That's how the baseball postseason picture looked after the dust settled following a wild final day Sunday.
Tampa Bay rallied to beat the Kansas City Royals, 3-2, in 12 innings, winning its second American League East title in three seasons while the Yankees, who started the day tied with Tampa Bay in the division race, lost to the Boston Red Sox, 8-4.
The Rays will open the playoffs in St. Petersburg on Wednesday, playing host to the West Division champion Texas Rangers, while the Yankees, the AL wild-card entry, will travel to Minnesota to play the Twins.
In the National League, the Padres' manic charge at a postseason berth came up just short when they were shut out by Jonathan Sanchez and five relievers in a 3-0 Giants win in San Francisco. A San Diego victory would have left the Padres and Giants tied atop the West after 162 games. And even with the loss, the Padres would still have had a chance at a wild-card berth if the Atlanta Braves had fallen Sunday.
The Giants, meanwhile, will prepare for the Braves, who come to San Francisco to start the division playoffs Thursday while the East Division champion Phillies, with a baseball-best 97 regular-season wins, will play host to the Cincinnati Reds, the Central Division champions, on Wednesday.
The defending World Series champion Yankees stumbled into the postseason, losing eight of their last 11, blowing a chance at the division title and the home-field advantage that goes with it. Instead they'll open up in Minnesota, where the Twins have the best home record in the league.
But if manager Joe Girardi is concerned, he was masking it Sunday.
"The goal is not to win the division," he told reporters in Boston, where the Yankees ended their regular season. "The goal is to win the whole thing. It hasn't been our best baseball, but you can throw that away. We won 95 games in an extremely tough division. In our division, that gets you the wild card."
The postseason appearance is the 49th for the Yankees, their 15th in 16 seasons and their fourth as a wild card. But they're a game under .500 since Aug. 1. And though they were in first place on Labor Day, they failed to hold that lead — the first time that has happened to them since World War II.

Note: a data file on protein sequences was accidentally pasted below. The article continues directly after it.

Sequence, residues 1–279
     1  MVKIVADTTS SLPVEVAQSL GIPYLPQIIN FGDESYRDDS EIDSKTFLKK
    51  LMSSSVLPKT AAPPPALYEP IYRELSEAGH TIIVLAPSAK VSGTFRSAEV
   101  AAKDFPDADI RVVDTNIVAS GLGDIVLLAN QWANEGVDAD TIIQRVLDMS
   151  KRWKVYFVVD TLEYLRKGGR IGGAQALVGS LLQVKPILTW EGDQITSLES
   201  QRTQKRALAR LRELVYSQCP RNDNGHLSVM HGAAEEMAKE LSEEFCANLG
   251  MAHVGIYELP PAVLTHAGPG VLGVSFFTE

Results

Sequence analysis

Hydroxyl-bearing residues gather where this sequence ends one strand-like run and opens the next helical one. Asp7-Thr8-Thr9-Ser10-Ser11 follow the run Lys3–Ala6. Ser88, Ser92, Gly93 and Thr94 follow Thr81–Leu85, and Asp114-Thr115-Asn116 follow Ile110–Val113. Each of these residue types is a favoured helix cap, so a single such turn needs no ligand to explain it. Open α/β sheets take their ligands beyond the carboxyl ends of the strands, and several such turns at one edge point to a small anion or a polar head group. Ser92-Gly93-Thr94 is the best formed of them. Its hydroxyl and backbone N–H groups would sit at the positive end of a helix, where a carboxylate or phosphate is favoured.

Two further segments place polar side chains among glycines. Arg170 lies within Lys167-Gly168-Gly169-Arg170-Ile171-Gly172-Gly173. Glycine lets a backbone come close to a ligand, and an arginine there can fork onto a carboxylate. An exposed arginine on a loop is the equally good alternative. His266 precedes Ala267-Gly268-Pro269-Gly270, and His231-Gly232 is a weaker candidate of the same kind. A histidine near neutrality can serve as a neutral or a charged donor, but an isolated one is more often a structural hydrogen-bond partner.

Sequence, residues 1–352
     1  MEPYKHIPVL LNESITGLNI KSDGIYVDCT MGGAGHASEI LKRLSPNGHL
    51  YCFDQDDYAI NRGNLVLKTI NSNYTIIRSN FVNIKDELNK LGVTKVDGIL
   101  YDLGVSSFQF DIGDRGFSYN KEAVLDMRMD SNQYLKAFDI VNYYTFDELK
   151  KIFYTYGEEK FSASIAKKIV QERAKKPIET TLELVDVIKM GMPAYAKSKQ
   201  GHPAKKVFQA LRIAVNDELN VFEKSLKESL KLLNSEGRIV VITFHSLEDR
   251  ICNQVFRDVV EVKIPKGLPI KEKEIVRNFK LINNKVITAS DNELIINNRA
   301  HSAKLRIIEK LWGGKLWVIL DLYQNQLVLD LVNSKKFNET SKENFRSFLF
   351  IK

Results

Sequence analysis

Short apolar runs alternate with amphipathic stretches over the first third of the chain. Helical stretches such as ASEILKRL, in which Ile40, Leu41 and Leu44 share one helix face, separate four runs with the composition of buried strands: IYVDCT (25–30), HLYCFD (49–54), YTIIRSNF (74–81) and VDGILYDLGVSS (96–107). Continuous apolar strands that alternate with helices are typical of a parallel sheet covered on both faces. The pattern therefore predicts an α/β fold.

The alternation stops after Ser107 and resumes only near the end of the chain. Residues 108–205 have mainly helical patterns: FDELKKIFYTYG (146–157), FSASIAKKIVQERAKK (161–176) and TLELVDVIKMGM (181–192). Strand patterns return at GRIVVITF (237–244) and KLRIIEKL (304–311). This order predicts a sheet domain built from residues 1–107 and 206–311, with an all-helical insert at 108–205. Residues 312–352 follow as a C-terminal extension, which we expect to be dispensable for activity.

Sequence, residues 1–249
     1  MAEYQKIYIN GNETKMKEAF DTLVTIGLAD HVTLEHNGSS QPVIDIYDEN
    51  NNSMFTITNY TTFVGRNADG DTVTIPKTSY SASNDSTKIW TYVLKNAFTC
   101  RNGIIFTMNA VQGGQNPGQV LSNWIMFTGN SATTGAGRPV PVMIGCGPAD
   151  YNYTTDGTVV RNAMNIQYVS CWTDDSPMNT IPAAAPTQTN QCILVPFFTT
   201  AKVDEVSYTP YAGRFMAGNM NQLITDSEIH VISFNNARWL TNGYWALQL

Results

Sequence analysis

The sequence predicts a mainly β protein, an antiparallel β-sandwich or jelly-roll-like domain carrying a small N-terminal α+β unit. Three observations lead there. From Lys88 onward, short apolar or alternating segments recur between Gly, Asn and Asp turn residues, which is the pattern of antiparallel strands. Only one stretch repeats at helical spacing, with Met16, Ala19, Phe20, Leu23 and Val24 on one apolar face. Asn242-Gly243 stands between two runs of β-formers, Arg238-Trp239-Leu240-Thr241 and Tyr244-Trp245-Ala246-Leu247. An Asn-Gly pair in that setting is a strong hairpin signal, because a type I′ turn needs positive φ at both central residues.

The Twins have also struggled after clinching their division title, losing eight of their last 10 and being held to just a run four times in that span. Besides, they've been swept in the division series in their past two playoff appearances — including by the Yankees last season — and they're 2-12 in their last four playoff series.
Thanks to the Yankees' loss, the Rays had secured the division title by way of a tiebreaker by the time they entered the final innings of their game in Kansas City. But they added an exclamation to the title, rallying for two game-tying runs in the ninth, then beating the Royals in the 12th to finish with a league-best 96 victories.
In San Francisco, the stout Giant pitching staff made a pair of third-inning runs stand to lock up the division title and the team's first postseason invitation since 2003.
Buster Posey tacked on an insurance run with an eighth-inning homer.
"It's been grand," said Padres manager Bud Black, whose team, despite operating with the second-lowest opening-day payroll in the majors, held a 6½-game division lead Aug. 25. " … To be able to play in a game like this, it's good stuff. These are the games that gets your heart pumping, get your stomach going. It's good stuff."